Plagiarism Checker Software
iThenticate Plagiarism Checker
The iThenticate plagiarism checker is available to Iowa State faculty and graduate students as a tool to assure theses, journal articles, grants, and other scholarly writings are free of plagiarized text. This tool is for personal use only and all documents submitted to the application should be authored or co-authored by the person having an authorized Iowa State account.
The iThenticate account may be used for detecting plagiarism only in manuscripts intended for publication in scholarly journals, theses, dissertations, and grant proposals authored or coauthored by the account holder.
The Iowa State license with the service provider has a limit on the total number of documents that can be submitted to our iThenticate application. Only documents that are complete or near completion should be uploaded and checked for plagiarism. Versions of any single thesis, journal article, or grant should be uploaded no more than 4 times in order to identify and remove any text that might be considered plagiarized. Submitting small sections of documents, already published documents, or the same document many times over is not an acceptable use of the iThenticate application.
For teaching purposes, Iowa State provides a separate plagiarism detection package. Contact the Center for Excellence in Learning and Teaching for more information about this application.
Any use of iThenticate outside of these guidelines without prior authorization will result in removal of access to iThenticate.
Requesting Access and Use
To request access to iThenticate:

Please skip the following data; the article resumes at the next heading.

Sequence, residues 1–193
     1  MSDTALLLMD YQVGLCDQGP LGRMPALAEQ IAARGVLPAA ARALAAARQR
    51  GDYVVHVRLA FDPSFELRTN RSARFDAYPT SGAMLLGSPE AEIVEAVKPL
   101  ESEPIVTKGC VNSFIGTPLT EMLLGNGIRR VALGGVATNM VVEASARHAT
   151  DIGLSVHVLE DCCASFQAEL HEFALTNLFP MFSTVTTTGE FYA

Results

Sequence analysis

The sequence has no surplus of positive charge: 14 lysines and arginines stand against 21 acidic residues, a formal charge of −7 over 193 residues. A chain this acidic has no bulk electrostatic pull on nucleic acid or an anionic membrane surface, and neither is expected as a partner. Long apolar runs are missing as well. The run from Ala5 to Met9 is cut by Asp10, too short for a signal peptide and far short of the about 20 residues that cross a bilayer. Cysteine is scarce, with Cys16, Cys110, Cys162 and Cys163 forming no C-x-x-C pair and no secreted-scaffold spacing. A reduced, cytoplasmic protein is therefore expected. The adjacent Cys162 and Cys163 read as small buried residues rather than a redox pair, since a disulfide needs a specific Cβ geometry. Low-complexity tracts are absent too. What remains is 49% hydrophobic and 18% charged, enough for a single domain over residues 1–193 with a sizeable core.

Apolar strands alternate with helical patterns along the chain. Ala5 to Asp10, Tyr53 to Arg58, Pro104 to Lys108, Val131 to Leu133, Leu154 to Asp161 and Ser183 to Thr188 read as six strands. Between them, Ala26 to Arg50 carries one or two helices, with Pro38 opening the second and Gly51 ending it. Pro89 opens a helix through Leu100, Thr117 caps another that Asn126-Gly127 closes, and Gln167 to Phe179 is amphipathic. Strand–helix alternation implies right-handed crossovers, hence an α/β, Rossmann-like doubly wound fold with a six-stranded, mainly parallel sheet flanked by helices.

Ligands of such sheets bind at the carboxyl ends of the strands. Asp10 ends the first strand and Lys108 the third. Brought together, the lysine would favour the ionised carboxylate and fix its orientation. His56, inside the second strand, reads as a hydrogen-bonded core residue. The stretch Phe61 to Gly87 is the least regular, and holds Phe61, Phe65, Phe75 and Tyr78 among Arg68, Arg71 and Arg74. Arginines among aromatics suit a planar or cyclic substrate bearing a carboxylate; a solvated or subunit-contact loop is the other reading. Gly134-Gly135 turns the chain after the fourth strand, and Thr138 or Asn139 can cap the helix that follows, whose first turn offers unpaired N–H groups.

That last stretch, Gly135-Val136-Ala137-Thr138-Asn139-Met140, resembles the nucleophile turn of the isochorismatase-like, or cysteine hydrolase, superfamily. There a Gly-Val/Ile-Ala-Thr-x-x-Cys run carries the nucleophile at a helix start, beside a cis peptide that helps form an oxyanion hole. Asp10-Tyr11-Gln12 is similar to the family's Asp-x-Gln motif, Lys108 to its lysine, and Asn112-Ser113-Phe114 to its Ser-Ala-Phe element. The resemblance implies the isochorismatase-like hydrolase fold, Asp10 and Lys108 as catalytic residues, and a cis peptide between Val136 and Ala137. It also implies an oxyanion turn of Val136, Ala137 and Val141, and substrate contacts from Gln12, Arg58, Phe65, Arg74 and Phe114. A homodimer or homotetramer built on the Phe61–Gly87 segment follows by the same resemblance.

For a discussion about plagiarism, see the following article provided by iThenticate:
Researcher Insights into the Types of Plagiarism and Attribution Issues
What does the software do?
iThenticate looks for and displays similarities between a submitted document and an extensive database of published and unpublished works. The software does not determine whether a particular instance of similarity constitutes plagiarism. It is up to the user to decide whether any detected similarity is acceptable.
What is a “similarity score”?
This is a number that shows the percentage similarity between your document and the databases searched by iThenticate. A high score does not necessarily mean there is plagiarism in the document. The similarity score is not meaningful without knowing what the context of the passages that caused the score. Similarly, a low score does not necessarily mean a document is completely plagiarism free. It is important to compare the sections that are highlighted as being similar with the corresponding published passages before deciding whether plagiarism is present or not.
The software keeps showing my bibliography and quotes as being a “match,” giving me a high similarity score. Is there a way to get it to ignore these items?
Yes. When you are viewing your similarity report, you can click on the filter button at the bottom of the report to exclude quotes, bibliography and/or small matches. This will automatically remove these items from your similarity score.
What kinds of documents can I use it for?
Iowa State has purchased the iThenticate software specifically for detecting plagiarism in manuscripts intended for publication in scholarly journals, as well as theses, dissertations, and grant proposals. It is not recommended for undergraduate homework (see Guidelines above).
You may only use the iThenticate software to detect potential plagiarism in documents you have authored or co-authored.
Who is allowed to use the software?
ISU faculty, staff, graduate students, and postdoctoral associates may use the software.
I have tried many free plagiarism detection services and they don’t work well. How good is the iThenticate software?
I am very careful not to plagiarize. Why would I want to use it?
Most responsible authors do not need plagiarism detection software; they will have taken precautions to avoid plagiarism at the outset. However, plagiarism detection software is a reasonable precaution for multi-author papers and proposals, especially if you don’t know your co-authors well.